Cybersecurity agency warns of 796 attacks against business, says that hackers will attempt to reach their targets through their suppliers.
Hackers targeting business supply chains and the proliferation of destructive worms are two of the biggest cyber-threats that organisations should prepare to face in the coming year, security experts have warned.
The National Cyber Security Centre (NCSC) -- the cybersecurity arm of GCHQ -- and the National Crime Agency (NCA) have jointly produced a report on the threats cyber-attackers pose to UK business and warn that security risks are continuing to grow.
The Cyber Threat to UK Business Industry 2017-2018 report reflects on what was an extremely busy 2017 in terms of cybersecurity: in addition to needing to fight malware, espionage, and other standard cyber-threats, the UK had to counter the global WannaCry ransomware outbreak after it took some of the National Health Service offline.
The report states that between October 2016 and the end of 2017, the NCSC recorded 34 significant cyber-attacks -- those which required a cross-government response -- while a further 762 less serious incidents, typically restricted to one organisation, were also recorded.
However, there's one area which the NCSC and NCA have outlined as a threat to organisations, no matter how robust their internal cybersecurity strategy is: the supply chain. "It is clear that even if an organisation has excellent cybersecurity, there can be no guarantee that the same standards are applied by contractors and third party suppliers in the supply chain. Attackers will target the most vulnerable part of a supply chain to reach their intended victim," warns the report.
The challenge with supply chain attacks is that they are often difficult to detect if they are done well, as attackers will stealthily make their way into networks, often with the aid of spear-phishing and other techniques designed to steal credentials or create backdoors.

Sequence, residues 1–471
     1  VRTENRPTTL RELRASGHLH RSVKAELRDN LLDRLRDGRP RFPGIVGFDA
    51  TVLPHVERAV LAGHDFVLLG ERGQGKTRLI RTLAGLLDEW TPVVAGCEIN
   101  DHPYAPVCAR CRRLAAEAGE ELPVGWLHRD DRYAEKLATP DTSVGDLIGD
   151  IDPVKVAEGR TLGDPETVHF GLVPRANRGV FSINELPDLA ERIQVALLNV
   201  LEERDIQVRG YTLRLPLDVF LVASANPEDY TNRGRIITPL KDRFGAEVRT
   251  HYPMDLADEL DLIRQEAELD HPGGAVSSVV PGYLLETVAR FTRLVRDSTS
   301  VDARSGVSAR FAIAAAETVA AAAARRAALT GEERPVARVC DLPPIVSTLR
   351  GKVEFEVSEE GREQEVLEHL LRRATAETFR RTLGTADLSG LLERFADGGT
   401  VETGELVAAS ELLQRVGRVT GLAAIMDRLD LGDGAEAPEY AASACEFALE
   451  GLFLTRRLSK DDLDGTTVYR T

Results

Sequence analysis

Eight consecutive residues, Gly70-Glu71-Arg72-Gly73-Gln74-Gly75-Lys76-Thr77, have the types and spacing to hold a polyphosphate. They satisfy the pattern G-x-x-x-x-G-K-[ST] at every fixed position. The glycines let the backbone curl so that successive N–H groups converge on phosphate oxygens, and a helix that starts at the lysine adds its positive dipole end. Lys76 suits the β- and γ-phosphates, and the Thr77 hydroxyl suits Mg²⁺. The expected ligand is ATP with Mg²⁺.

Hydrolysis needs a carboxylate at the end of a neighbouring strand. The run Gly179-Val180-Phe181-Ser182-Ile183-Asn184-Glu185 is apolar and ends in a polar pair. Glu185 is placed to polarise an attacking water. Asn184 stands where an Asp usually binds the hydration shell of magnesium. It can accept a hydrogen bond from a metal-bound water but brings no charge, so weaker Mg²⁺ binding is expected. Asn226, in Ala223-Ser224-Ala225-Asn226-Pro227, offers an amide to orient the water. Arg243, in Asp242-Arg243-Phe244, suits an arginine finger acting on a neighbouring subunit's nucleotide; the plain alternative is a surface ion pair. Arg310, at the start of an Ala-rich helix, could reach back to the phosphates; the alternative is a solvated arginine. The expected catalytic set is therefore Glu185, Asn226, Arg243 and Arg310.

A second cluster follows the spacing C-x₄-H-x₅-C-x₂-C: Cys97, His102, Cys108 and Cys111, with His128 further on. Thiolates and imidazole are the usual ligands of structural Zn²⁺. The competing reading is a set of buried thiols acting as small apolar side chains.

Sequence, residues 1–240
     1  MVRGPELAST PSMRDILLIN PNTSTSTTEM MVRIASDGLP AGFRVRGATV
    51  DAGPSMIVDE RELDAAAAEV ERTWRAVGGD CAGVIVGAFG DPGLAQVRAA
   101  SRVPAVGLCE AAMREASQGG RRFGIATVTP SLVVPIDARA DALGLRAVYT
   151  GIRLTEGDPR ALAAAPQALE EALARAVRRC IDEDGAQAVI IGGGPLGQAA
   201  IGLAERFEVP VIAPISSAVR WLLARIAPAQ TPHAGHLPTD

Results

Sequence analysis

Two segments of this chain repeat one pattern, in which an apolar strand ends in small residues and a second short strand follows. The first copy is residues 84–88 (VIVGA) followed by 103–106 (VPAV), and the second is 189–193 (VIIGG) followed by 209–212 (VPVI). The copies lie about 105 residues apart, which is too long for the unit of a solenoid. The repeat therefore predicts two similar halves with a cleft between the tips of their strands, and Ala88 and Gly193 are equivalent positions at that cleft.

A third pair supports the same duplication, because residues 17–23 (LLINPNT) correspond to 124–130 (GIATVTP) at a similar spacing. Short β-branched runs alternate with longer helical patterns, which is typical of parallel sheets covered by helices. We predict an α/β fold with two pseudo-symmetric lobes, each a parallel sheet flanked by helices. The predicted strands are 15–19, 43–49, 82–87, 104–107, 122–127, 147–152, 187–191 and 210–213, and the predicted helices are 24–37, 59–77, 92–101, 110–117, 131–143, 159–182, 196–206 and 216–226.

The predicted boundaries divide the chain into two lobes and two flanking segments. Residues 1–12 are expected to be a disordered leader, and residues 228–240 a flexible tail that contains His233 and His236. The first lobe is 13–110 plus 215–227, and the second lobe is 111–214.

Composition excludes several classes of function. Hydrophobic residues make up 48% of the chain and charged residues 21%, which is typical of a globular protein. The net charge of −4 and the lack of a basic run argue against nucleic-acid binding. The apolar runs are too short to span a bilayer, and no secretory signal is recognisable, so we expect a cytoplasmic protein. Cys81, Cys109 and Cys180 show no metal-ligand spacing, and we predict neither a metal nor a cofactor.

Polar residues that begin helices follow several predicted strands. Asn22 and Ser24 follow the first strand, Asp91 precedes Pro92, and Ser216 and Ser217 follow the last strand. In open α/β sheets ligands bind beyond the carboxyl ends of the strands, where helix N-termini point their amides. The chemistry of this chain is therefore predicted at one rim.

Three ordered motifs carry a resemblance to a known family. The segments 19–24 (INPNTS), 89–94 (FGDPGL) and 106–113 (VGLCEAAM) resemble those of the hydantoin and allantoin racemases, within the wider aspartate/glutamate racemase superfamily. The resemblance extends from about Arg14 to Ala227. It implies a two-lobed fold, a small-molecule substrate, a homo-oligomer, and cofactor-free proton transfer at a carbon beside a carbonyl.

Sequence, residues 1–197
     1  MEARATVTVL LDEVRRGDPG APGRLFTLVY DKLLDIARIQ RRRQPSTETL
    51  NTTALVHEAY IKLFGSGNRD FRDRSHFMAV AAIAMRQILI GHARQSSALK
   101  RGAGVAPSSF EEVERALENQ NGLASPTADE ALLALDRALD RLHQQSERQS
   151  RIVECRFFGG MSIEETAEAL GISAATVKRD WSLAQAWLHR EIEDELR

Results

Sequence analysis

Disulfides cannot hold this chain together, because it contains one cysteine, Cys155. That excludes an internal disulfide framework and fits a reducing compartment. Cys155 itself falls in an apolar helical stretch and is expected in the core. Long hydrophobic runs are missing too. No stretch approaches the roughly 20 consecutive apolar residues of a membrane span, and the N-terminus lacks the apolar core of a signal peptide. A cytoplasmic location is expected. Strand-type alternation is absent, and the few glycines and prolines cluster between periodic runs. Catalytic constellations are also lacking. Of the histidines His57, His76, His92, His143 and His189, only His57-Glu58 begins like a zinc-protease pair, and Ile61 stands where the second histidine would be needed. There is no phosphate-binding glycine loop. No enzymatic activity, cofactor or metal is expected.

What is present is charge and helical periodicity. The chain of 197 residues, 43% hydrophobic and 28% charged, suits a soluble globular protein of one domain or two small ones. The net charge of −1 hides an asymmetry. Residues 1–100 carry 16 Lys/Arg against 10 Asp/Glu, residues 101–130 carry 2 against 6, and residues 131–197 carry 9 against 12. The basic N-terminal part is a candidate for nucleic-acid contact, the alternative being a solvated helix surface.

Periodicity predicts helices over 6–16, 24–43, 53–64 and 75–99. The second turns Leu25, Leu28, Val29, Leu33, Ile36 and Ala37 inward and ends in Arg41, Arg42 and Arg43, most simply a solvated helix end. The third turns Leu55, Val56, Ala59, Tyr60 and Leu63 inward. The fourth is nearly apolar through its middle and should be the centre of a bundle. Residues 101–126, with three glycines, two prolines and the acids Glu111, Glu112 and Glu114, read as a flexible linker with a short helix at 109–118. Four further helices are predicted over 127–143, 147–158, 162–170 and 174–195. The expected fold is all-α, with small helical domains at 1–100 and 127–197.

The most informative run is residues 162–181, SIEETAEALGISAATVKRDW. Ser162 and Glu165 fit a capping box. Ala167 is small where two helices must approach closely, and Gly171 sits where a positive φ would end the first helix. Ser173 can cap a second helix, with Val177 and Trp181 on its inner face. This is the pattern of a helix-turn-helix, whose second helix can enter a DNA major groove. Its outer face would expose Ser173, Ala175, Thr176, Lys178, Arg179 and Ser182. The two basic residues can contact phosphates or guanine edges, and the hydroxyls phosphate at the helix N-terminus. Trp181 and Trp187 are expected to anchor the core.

Indeed, the report points to the success of Cloud Hopper, an advanced Chinese cyber-espionage campaign which targeted IT suppliers around the world, as an example of the threat this tactic can pose. The third parties were compromised as a stepping stone towards bigger, more lucrative targets, but still proved to be fruitful for the attackers as many were handling sensitive data.
Last year's NotPetya attack also served as a warning as to what can happen if a supplier is attacked: legitimate software used throughout Ukraine became infected with a destructive ransomware worm. But the attacks weren't limited to within Ukrainian borders -- relationships and supply chain links meant it quickly spread around the world, causing billion of dollars of damage.
Supply chain attacks don't show any sign of letting up or becoming any less damaging soon. "Criminals are highly likely to continue to exploit long-standing and well-known vulnerabilities in victim infrastructure," the report warns.
In order to prevent supply chain attacks, the NCSC and NCA recommend organisations follow the principle of 'least privilege', providing external parties with the absolute minimum access to data required while still able to operate as planned.
The Cyber UK report also covers the WannaCry and NotPetya attacks of last year, both of which were spread with the help of the worm-like capabilities of the leaked EternalBlue SMB exploit. The NCSC and NCA warn that it could only be a matter of time before another worm wreaks havoc.
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